Check out Alison’s interview with New York Times during Sundance Film Festival.
I just saw “Sleeping With Other People,” and I was surprised by how much of a straight romantic comedy it was.
So was I. The script reads very dark, and maybe that’s because the character that I’m playing has so much going on emotionally. Also, the way the sex scenes were written — originally, the sex scene with Adam Scott didn’t have nudity, but it was much more graphic in nature and much longer. It was actually something that really excited me because I hadn’t really done anything like that and I thought it would be a safe place to start to explore, being directed and produced by a woman. We shot everything with Adam Scott first, and the tone of that stuff is so intense. Plus, I wasn’t on set for all the stuff they were shooting with Jason and other women. So I think when I finally saw a cut, I was like, “Oh, it’s a rom-com!” I was happy that it was accessible to people.
One thing that struck me was that, as much as this film is about romantic love, it also seemed to be about the tenuous nature of adult friendships. I can’t help but think that if these characters were younger, they probably would have just dated right away.
I think that’s a big part of the story. These two people reconnect after a long time apart and are immediately drawn to each other, but they have so much emotional baggage and fear that — especially because they like each other right off the bat again — they’re terrified of screwing it up. I also think a lot of the movie is about self-worth and people just not thinking that they’re worthy of being in a good relationship with someone who treats them well. It’s like, “Oh, this guy is so awesome. He’s got to just be a friend because I can’t be with an amazing person. I’ll kill it.”
Have you had any Jakes in your life?
I definitely have, but none that I’ve ended up dating. I’ve definitely had guy friends that I’ve gotten unexpectedly close with. I think it can be helpful to hear a male perspective or to just have a nurturing situation with someone from the opposite sex that you’re not thinking about trying to sleep with, and that you’re hoping isn’t just trying to get you in bed. But I’ve never ended up dating any of those guys. Not since my high-school sweetheart, who was my best friend before we dated.
Why do you think there are fewer romantic comedies being made now than, say, a decade ago?
I wonder if there was a backlash because they started to get too formulaic and people started to feel like, “well, you’ve seen one, you’ve seen them all.” At the same time, I think that people will always be drawn to the genre because it’s human nature to want to watch people fall in and out of love, but in a lighter capacity, where you don’t want to kill yourself. It’s good that people like Leslye are trying to think outside the box and focusing less on the formula and more on the characters and their story. When you look at a movie like “Sleepless in Seattle,” it’s like, his wife just died! There are heavy things there. She’s about to get married to this guy and she’s not sure if she wants to, but he’s not the worst guy in the world. You know what I mean? I feel like they just started to get too obvious. I know she’s going to eventually end up with the star of the movie.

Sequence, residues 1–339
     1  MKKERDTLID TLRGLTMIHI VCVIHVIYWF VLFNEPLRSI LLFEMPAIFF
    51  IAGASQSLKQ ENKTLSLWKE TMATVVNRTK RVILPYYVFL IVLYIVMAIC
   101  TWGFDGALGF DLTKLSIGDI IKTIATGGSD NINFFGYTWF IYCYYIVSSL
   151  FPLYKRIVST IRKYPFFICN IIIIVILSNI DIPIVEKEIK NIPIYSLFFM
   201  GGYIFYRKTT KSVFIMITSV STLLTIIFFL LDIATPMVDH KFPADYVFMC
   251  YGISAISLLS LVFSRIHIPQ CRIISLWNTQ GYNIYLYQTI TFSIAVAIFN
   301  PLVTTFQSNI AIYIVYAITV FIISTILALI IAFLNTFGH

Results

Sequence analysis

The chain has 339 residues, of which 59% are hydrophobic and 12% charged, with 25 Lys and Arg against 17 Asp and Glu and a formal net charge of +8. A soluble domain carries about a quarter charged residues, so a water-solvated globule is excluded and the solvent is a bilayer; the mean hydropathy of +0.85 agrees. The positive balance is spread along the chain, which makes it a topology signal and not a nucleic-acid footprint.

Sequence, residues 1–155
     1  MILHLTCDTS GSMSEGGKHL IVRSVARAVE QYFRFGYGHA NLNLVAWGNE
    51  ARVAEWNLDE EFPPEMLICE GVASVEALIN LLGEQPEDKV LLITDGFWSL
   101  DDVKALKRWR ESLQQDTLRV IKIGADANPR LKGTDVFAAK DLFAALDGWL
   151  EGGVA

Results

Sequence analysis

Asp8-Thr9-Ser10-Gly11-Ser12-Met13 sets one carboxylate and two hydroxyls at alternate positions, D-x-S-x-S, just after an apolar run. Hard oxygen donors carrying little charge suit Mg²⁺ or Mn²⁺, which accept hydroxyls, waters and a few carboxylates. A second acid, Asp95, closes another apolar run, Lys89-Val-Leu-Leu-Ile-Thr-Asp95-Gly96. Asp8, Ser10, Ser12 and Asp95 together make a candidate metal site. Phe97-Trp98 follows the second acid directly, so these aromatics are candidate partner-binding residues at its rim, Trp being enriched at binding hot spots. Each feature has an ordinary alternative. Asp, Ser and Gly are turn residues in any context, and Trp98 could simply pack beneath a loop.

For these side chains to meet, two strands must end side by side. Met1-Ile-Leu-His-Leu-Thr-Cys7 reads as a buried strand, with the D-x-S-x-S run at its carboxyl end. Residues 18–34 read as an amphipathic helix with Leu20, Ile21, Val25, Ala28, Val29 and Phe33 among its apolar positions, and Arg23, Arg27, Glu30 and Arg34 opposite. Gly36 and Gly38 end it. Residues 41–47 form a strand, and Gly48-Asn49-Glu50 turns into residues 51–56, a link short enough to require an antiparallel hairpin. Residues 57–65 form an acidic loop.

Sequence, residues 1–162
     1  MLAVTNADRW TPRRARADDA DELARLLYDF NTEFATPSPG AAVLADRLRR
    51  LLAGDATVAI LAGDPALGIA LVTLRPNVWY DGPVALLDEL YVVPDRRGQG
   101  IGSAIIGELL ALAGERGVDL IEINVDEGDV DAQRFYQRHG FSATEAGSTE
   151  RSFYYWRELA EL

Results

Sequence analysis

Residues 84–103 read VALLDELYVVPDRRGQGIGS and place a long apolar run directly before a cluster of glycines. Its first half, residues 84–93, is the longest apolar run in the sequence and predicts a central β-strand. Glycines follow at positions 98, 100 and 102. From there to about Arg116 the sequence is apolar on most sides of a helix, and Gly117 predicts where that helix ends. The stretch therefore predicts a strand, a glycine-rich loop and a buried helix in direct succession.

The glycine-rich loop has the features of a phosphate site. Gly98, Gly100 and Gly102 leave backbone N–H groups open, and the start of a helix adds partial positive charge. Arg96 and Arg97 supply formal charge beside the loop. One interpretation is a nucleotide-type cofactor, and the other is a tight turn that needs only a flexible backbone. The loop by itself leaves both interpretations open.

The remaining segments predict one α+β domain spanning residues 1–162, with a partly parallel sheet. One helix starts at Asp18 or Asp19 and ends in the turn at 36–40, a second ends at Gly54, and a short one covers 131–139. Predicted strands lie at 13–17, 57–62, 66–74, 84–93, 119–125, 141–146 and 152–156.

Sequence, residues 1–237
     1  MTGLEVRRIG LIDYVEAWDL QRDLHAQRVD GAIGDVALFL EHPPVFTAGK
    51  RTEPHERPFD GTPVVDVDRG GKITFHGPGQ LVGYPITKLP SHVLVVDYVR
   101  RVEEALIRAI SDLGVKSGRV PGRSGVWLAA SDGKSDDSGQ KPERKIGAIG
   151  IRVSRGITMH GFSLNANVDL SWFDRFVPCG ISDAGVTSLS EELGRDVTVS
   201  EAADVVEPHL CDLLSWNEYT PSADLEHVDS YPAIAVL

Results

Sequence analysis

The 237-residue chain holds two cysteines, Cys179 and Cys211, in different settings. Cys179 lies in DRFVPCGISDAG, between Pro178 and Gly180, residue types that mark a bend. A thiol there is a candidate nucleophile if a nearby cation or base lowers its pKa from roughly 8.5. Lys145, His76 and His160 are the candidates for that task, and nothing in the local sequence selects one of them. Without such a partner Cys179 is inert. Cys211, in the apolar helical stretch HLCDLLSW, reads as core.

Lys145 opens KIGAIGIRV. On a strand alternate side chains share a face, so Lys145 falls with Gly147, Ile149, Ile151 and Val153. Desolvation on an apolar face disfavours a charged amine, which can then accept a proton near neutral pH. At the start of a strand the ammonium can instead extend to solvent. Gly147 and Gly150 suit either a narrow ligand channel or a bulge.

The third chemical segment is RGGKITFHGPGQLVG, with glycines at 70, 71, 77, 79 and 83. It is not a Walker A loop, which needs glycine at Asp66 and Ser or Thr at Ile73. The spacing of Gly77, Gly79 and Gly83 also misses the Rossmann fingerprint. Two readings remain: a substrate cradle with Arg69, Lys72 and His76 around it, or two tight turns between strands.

The other interesting thing about this film is that your character is basically introduced as a sex addict. I think that may not have flown had you made this movie 15, 20 years ago.
Oh, definitely not. In the classic rom-coms, the lead characters wouldn’t get together until the end. That’s just not how men and women are these days. That’s not how people date. It was really nice to play a contemporary adult woman who is sexual. That’s a big part of who she is. I think modern women are very sexual, and they should be.
How important is it for you, when reading new scripts, that the character is in control of her own agency in that way? It would seem that between Lainey and Trudy on “Mad Men,” you’ve been fairly fortunate in that sense.
I’m not sure I look at it in that way. Obviously you’re always going to be drawn to a strong female character, but I think it’s the complexities of the character that excite me more. Trudy started out as just a supportive housewife, and then she sort of evolved into the Lady Macbeth of her and Pete’s relationship. You want to look for those other things that keep a character from being one-dimensional. Yes, it’s exciting if they’re strong, but I’m more excited when they can be vulnerable. Well-rounded is more appealing to me than just a strong female role model.
Will Trudy be coming back for the final episodes of “Mad Men”?
I don’t know! You’ll have to watch and see.
There must at least be a little frustration being on a show where you don’t know what, if anything, is going to happen to your character from week to week.
No! I love it so much. I will always feel so much gratitude toward Matt Weiner, because my character started as a one episode one-off, and by the time we were finishing shooting that episode I was coming back the next week and then stayed on the show for seven years. I don’t think I could ever find anything frustrating about it.